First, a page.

[Python-Dev] Modify PyMem_Malloc to use pymalloc for performance
victor.stinner at gmail.com
Fri Mar 25 08:11:31 EDT 2016
So what do you think? Is it worth to change PyMem_Malloc() allocator
to pymalloc for a small speedup?
Should we do something else before doing that?
Or do you expect that too many applications use PyMem_Malloc() without
holding the GIL and will not run try to run their application with
2016-03-15 0:19 GMT+01:00 Victor Stinner <victor.stinner at gmail.com>:
> 2016-02-12 14:31 GMT+01:00 M.-A. Lemburg <mal at egenix.com>:
>>>> If your program has bugs, you can use a debug build of Python 3.5 to
>>>> detect misusage of the API.
>> Yes, but people don't necessarily do this, e.g. I have
>> for a very long time ignored debug builds completely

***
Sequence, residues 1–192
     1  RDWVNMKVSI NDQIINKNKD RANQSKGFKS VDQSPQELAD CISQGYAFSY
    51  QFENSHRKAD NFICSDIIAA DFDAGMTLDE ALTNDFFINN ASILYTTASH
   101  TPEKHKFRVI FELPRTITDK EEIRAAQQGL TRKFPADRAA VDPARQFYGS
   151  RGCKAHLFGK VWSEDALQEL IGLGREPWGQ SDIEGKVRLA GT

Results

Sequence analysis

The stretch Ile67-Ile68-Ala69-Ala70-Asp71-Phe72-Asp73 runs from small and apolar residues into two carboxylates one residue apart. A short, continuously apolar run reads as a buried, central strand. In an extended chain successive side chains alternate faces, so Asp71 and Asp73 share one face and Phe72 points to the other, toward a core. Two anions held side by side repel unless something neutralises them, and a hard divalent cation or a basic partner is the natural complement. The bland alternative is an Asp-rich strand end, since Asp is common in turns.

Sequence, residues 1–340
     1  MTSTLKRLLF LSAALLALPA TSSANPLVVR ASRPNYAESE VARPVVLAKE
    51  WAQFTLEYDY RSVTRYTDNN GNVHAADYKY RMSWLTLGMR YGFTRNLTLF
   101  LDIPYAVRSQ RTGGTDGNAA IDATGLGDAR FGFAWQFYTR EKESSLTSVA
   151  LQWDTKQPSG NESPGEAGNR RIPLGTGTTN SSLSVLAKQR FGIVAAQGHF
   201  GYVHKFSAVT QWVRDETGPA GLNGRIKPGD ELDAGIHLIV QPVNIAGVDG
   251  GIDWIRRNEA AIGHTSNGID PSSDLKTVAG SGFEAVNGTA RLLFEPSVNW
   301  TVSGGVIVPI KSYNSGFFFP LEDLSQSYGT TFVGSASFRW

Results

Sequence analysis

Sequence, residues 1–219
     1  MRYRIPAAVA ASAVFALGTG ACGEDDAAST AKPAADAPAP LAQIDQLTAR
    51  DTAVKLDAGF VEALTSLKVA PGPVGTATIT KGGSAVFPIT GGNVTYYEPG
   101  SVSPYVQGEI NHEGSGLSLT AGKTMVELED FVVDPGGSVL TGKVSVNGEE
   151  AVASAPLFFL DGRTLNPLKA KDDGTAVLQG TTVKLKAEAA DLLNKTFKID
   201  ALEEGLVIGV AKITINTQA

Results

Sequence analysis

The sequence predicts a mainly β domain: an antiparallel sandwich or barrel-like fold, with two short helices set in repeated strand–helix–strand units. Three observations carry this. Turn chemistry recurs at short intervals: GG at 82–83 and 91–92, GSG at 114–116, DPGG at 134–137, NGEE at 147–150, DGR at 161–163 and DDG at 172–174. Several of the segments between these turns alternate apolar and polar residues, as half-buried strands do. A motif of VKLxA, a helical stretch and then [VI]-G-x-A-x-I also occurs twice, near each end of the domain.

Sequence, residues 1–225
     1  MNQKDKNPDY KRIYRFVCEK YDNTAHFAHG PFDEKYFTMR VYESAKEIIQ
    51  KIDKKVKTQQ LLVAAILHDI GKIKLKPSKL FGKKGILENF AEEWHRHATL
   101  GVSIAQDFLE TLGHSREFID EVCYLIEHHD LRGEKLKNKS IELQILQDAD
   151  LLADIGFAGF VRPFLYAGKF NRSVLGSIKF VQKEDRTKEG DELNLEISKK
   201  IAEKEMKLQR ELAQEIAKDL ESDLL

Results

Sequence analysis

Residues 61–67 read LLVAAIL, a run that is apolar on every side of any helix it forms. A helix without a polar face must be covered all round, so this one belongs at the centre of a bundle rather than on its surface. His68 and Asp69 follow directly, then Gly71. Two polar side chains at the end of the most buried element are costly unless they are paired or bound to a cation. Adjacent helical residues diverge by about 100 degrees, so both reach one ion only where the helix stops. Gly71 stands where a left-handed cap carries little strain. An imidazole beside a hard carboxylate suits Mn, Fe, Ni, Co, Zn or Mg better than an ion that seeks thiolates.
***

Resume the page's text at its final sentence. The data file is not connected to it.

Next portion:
>> and when I started to try them, I found that some of the
>> things I had been doing with e.g. free list implementations
>> did not work in debug builds.
> I just added support for debug hooks on Python memory allocators on
> Python compiled in *release* mode. Set the environment variable
> PYTHONMALLOC to debug to try with Python 3.6.
> I added a check on PyObject_Malloc() debug hook to ensure that the
> function is called with the GIL held. I opened an issue to add a
> similar check on PyMem_Malloc():
>> Yes, but those are part of the stdlib. You'd need to check
>> a few C extensions which are not tested as part of the stdlib,
>> e.g. numpy, scipy, lxml, pillow, etc. (esp. ones which implement custom
>> types in C since these will often need the memory management
>> It may also be a good idea to check wrapper generators such
>> as cython, swig, cffi, etc.
> I ran the test suite of numpy, lxml, Pillow and cryptography (used cffi).
> I found a bug in numpy. numpy calls PyMem_Malloc() without holding the GIL:
> Except of this bug, all other tests pass with PyMem_Malloc() using
> pymalloc and all debug checks.
More information about the Python-Dev